Ashley Schapitl (202) 224-4515
Wyden, Grassley, Neal Request Retention Credit Eligibility For Employers Providing Health Insurance
Current Treasury guidance contradicts congressional intent, bars employers providing insurance from receiving credit
Washington, D.C. – Senate Finance Committee Ranking Member Ron Wyden, D-Ore., Senate Finance Committee Chairman Charles Grassley, R-Iowa, and House Ways & Means Committee Chairman Richard E. Neal, D-Mass., today requested that the Treasury Department reverse its current guidance and allow employers providing health insurance to furloughed workers to be eligible for the employee retention credit.
The Treasury Department’s current guidance contradicts congressional intent and bars employers providing health insurance to furloughed workers from receiving the credit, making it more difficult to preserve coverage.
The lawmakers wrote, “As of this writing, more than one million Americans have contracted COVID-19, and more than 60,000 have perished. It is absolutely critical that American families have access to health care during this crisis. Allowing employees to retain their employer-provided health insurance, even while furloughed, is an important component in ensuring millions of Americans access to affordable health care.”
Full text of the letter is available here and as follows:
May 4, 2020
The Honorable Steven T. Mnuchin
Secretary of the Treasury
U.S. Department of the Treasury
1500 Pennsylvania Avenue, NW
Washington, DC 20220
We appreciate the Treasury Department’s (Treasury) and Internal Revenue Service’s (IRS) ongoing efforts to provide prompt guidance to implement the Coronavirus Aid, Relief, and Economic Security (CARES) Act. However, we have concerns with respect to recent guidance on the employee retention credit (retention credit). Specifically, we disagree with the determination that employers who continue providing qualified health benefits to their employees do not qualify for the retention credit unless they continue paying other qualifying wages. As expressed previously to Treasury and the IRS, this interpretation runs directly counter to congressional intent.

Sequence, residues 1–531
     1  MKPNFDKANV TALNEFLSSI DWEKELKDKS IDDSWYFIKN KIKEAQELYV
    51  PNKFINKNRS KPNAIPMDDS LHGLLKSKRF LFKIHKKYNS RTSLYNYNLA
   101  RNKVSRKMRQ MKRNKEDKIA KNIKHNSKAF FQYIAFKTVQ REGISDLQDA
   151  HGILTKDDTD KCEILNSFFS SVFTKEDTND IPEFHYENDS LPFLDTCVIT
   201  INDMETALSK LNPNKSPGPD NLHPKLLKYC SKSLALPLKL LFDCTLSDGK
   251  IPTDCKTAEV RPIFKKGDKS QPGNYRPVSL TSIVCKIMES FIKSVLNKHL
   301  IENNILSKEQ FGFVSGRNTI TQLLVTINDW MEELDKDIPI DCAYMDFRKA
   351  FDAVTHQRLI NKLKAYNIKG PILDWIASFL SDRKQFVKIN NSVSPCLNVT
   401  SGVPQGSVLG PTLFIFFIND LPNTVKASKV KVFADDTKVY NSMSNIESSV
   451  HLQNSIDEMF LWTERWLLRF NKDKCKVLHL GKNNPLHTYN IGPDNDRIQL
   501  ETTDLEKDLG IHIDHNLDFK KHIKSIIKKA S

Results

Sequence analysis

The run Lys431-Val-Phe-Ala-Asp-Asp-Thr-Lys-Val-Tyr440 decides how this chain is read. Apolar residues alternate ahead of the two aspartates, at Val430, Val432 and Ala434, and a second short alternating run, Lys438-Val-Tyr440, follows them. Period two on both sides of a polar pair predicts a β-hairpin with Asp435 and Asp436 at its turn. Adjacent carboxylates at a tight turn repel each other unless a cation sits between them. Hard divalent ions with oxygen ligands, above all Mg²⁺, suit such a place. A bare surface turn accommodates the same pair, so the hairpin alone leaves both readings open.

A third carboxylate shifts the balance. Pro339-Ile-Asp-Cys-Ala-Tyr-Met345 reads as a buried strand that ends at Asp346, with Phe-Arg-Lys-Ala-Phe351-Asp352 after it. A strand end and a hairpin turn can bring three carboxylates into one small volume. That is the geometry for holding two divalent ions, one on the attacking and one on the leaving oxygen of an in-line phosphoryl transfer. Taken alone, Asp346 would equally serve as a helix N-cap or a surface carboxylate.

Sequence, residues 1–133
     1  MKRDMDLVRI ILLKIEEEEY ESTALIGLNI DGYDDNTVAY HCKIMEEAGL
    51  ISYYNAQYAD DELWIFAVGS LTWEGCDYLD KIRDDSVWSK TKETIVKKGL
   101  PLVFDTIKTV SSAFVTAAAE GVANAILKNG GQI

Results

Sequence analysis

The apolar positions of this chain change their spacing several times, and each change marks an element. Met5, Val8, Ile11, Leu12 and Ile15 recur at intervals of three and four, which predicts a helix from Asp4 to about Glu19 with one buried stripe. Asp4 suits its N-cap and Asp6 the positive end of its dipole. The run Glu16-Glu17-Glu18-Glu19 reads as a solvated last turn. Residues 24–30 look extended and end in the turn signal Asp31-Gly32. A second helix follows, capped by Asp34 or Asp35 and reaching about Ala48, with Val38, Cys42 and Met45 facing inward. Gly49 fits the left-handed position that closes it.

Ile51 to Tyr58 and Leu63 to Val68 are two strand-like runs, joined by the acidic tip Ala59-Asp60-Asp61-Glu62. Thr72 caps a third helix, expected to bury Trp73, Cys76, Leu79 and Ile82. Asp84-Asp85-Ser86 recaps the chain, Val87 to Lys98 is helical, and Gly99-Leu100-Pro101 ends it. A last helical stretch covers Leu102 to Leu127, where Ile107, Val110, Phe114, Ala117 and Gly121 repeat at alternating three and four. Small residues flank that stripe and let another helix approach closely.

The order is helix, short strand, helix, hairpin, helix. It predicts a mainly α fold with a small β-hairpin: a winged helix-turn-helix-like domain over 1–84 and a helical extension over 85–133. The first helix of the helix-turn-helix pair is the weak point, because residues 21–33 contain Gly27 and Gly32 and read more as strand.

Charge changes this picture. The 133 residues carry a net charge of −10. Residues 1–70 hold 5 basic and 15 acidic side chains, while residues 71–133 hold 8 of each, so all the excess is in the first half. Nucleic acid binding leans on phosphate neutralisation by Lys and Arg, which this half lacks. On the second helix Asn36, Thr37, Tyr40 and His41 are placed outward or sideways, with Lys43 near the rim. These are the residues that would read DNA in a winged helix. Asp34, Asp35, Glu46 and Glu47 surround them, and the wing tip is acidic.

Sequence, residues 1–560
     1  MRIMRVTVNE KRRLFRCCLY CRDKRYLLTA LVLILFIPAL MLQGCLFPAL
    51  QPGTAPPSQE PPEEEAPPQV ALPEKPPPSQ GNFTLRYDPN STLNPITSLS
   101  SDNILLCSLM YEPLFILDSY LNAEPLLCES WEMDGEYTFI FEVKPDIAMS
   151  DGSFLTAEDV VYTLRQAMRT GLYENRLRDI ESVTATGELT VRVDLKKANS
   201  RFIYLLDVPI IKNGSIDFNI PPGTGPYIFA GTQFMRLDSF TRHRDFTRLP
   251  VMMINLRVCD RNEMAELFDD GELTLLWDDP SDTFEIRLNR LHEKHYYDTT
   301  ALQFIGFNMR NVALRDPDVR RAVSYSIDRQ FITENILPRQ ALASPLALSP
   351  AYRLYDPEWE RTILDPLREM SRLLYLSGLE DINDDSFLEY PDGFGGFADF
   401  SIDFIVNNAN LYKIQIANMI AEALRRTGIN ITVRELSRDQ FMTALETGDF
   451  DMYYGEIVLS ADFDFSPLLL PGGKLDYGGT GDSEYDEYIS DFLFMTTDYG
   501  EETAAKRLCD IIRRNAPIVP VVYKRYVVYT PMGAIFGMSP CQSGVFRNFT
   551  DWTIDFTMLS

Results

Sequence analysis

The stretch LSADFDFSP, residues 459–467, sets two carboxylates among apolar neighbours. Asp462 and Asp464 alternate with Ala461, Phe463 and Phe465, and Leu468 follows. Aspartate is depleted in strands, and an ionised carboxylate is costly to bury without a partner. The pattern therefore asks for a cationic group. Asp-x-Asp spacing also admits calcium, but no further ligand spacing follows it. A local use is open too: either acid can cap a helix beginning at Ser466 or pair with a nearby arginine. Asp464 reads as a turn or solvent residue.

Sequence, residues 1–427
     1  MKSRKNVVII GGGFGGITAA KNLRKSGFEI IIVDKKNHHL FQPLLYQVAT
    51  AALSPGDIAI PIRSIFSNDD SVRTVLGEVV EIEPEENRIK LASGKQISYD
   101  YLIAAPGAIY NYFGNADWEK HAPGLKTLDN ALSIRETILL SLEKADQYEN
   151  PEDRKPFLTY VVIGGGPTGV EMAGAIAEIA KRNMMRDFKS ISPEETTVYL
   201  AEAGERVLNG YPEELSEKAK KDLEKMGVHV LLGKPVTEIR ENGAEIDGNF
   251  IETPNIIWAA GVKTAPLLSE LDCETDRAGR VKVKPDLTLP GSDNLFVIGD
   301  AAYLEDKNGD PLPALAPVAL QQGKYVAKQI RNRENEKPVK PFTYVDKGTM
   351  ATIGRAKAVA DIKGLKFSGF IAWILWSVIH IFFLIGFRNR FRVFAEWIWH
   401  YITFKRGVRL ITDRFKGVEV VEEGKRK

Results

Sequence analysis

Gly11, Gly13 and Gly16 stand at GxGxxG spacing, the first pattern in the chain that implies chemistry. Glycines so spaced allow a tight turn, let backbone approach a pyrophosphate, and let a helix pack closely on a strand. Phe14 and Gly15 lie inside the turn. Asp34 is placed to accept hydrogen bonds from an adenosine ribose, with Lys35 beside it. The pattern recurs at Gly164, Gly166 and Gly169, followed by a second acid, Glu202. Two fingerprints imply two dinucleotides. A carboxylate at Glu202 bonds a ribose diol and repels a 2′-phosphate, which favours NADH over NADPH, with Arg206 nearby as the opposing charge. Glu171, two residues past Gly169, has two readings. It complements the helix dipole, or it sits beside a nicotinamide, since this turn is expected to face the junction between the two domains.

As of this writing, more than one million Americans have contracted COVID-19, and more than 60,000 have perished. It is absolutely critical that American families have access to health care during this crisis. Allowing employees to retain their employer-provided health insurance, even while furloughed, is an important component in ensuring millions of Americans access to affordable health care.
The retention credit provides a fully refundable payroll tax credit equal to 50 percent of qualifying wages paid to an eligible employee. In drafting the provision, qualified wages were explicitly expanded to incorporate certain qualified health benefits, with the intent to provide an incentive for employers to continue providing health benefits to their employees, even if the employer was otherwise unable to continue paying regular wages because of the coronavirus pandemic. The economic contraction caused by the pandemic has resulted in over 30 million unemployment claims, making incentives that retain the connection to employment and employee benefits critical. After the passage of the CARES Act, we reiterated this intent in subsequent communications with Treasury.
We are, therefore, disappointed with the recent determination that an employer that is no longer paying regular wages but continues to provide full health benefits would not be able to treat any portion of those health benefits as qualifying wages eligible for the retention credit. We urge you to reconsider this determination in light of congressional intent and the importance of providing access to affordable health care during the ongoing health crisis.
We look forward to your prompt response and appreciate your attention to this important matter.
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